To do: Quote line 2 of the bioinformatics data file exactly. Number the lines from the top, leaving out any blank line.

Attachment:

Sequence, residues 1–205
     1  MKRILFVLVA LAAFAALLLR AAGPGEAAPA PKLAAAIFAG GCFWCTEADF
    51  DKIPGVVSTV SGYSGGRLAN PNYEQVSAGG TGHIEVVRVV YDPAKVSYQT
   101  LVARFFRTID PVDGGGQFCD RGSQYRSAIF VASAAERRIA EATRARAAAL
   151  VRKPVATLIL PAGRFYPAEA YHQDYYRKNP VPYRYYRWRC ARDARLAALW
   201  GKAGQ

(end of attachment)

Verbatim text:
     1  MKRILFVLVA LAAFAALLLR AAGPGEAAPA PKLAAAIFAG GCFWCTEADF